Listen to an evening of Jim Bouton readings by five writers in his debt (including me)

On Thursday, I got to participate in Varsity Letters’ regular reading series in New York for a very special tribute to the late Jim Bouton, along with my friends Jay Jaffe and Paul Lukas and my new friends Mitchell Nathanson and Nick Diunte. I got to expand on my thoughts I wrote on this site about the times I’d met Jim, and also read one of my favorite excerpts from his book Foul Ball, which was about his attempts to save century-old Wahconah Park in Pittsfield, Massachusetts, from attempts by the local power structure to raze it and replace it with a publicly subsidized new stadium. You can hear my segment below (and also Nick’s hilarious show closer, which was centered on a supercut of Ball Four quotes from Seattle Pilots manager Joe “Shitfuck” Schultz):

Or if you want to relive the evening in order, start with the opening set, featuring Jay, Mitchell, and Paul:

One thing that didn’t occur to me until I got to the event and started hearing all these writers talk about how influential Ball Four had been on their work: Jim Bouton was not just a great writer, he was in some respects a visionary one. As I said in my talk, none of the outlets that I’ve written for — the Village Voice sports section, Deadspin, Vice Sports, Baseball Prospectus — could have existed in the same way without Jim nearly singlehandedly inventing antiauthoritarian sportswriting, changing Americans’ view of sports from superheroic white-hats-vs.-black-hats escapism to a much more nuanced view that recognized that people are people and the personal is political and it’s important to question things, always. If it’s incredible that this was a message that still needed to be heard 23 years after Jackie Robinson, and that still needs hearing today almost another half-century later, it makes it all the more important when a Jim Bouton shows up to deliver it.

As a bonus reader challenge, anyone who can correctly identify all the Bouton-related gear we were wearing (Mitchell had to leave early and missed the post-event photo shoot) wins the people’s ovation and fame forever:

The end of an era

In case you missed it, my work responsibilities at my day job just got a whole lot lighter on Friday, as the Village Voice ownership announced that it will no longer be running new content, effective immediately.

This should mean I’ll have more time in the mornings to devote to scanning the globe for stadium and arena news, so if you’ve been irked by this site’s increasing tendency to leave lots of news for the Friday roundups, that tendency should begin to wane soon. (Though I kind of feel like people like the Friday roundups best, so maybe I shouldn’t try too hard to cover all news as soon as it happens.) That good news, though, is outweighed by the greater bad news of another still-vital news outlet disappearing from the world, with no indication that it’s soon going to be replaced.

Unless you count a single article in 1989, my time as a regular Voice contributor — just under 300 articles, according to the Voice’s internal database, though there are at least several dozen early pieces that aren’t included there — began with stadiums: Yankee Stadium in particular, whose 1998 falling-beam incident Joanna Cagan and I covered for the paper’s then-singular sports section, The Score. Later renamed Jockbeat, the Voice sports page survived until 2003; its last-ever feature was a report by me on a developer named Bruce Ratner who had a crazy idea to get New York to give him prime Brooklyn property to build an arena for the New Jersey Nets. I kept on covering sports subsidies for the paper’s website, though, along with writing about myriad subjects for the print edition, including Coney Island redevelopment and Michael Bloomberg’s homeless policies and the perils of standardized testing and climate change and how to not be an asshole about being a gentrifier. (You can find the full list of my articles here; Voice management has said it intends to keep the archives up indefinitely.)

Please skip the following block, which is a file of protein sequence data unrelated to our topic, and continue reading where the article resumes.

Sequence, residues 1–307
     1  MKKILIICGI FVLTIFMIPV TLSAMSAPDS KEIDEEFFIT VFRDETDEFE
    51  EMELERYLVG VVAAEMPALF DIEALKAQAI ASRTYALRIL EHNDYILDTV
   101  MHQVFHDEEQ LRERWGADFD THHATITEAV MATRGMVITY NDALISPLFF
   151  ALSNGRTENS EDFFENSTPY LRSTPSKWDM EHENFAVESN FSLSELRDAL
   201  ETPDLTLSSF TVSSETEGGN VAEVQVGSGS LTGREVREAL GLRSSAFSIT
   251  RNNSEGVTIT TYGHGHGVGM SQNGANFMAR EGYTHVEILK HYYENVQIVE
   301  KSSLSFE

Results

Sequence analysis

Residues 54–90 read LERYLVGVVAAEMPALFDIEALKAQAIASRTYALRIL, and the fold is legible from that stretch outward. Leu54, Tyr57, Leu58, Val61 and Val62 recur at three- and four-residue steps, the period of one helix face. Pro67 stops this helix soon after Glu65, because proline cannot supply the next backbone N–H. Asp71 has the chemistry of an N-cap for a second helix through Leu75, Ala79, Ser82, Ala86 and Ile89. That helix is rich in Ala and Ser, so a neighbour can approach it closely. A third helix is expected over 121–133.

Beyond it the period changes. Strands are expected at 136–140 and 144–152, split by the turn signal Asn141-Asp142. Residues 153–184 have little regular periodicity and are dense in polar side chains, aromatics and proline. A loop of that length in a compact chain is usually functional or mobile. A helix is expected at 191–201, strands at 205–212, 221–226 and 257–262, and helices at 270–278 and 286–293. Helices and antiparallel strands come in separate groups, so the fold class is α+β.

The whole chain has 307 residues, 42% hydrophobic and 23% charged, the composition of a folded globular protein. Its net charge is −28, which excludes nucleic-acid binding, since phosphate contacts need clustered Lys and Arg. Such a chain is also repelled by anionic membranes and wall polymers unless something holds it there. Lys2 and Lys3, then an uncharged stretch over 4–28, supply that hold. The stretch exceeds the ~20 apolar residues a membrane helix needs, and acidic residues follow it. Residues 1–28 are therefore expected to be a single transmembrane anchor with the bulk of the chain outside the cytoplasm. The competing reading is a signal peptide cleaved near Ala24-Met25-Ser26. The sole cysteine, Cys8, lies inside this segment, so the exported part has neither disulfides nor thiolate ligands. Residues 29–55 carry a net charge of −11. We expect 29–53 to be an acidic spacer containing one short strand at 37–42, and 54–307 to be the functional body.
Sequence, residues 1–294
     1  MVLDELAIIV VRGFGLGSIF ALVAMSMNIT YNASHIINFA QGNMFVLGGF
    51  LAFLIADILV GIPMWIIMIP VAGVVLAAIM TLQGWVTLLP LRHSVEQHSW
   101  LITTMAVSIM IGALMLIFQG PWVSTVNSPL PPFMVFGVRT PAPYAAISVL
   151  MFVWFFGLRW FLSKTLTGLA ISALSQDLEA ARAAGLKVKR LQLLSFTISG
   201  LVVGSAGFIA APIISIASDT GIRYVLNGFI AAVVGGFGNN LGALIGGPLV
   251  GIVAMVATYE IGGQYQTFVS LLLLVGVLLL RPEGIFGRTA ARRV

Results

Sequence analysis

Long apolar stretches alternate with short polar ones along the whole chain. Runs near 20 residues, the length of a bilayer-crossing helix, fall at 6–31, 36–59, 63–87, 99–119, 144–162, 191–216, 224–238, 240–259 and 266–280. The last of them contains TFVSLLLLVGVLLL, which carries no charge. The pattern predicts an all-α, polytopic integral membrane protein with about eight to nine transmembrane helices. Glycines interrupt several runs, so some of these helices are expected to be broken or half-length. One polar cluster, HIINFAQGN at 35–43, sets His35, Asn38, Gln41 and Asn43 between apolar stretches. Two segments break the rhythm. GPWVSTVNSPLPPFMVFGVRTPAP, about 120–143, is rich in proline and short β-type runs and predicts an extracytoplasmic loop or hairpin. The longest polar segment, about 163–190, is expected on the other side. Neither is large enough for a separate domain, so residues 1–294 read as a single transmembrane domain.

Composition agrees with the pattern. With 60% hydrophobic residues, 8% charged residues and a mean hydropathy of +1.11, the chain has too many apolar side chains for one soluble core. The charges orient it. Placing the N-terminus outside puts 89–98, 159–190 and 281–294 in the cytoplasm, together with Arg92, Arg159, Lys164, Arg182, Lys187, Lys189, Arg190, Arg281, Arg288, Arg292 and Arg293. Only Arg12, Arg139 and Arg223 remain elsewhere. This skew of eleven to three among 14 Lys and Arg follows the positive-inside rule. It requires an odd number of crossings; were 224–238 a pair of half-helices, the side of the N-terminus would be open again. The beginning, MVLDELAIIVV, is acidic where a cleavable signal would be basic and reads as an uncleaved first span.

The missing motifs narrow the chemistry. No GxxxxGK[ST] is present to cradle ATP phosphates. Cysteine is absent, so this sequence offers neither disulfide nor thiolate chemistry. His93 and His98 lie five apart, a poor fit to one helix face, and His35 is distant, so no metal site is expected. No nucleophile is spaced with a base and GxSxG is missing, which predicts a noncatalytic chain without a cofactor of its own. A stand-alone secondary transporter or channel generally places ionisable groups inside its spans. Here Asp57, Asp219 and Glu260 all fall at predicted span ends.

I kept on writing for the Voice across three decades and ten editors-in-chief in part because they paid well and had a good reach — there was a time not that long ago when more than 100,000 New Yorkers would pick up the paper from its ubiquitous red boxes — but mostly because of the kind of journalism it stood for. Snarky long before Gawker, devoted to investigative reporting that would cover what the city’s dailies ignored, and always with an eye toward encouraging writers to find new ways of honing their craft, it was both a writers’ paper and a readers’ one; picking up the Voice always felt to me like visiting with the coolest, smartest kids in town, and actually working with the Voice was like being allowed into their club. I learned volumes in both roles, and was forever changed by the experience; as one long-ago Voice writer mourned on Facebook on Friday: “I am still writing for the Voice. I think most of the people who wrote for the Voice are still writing for the Voice.”

There are other news outlets out there trying to pick up the Voice gauntlet — or at least a finger or two of it — but none will be able to fully replace it, certainly not in this current era of feeble revenues and journalistic retrenchment. If there’s a publication out there that you cherish, please consider throwing some money its way, whether as a subscription or just a donation; while it’s great that the internet allows me to bring daily stadium news to you without having to own a printing press, this site wouldn’t exist without the work of all the reporters out there getting paid to report on the news — sometimes better than others, but it’s all way, way better than nothing. If too many more of these outlets disappear, as I told the New York Times on Friday, it makes me fear for what’s left of our democracy.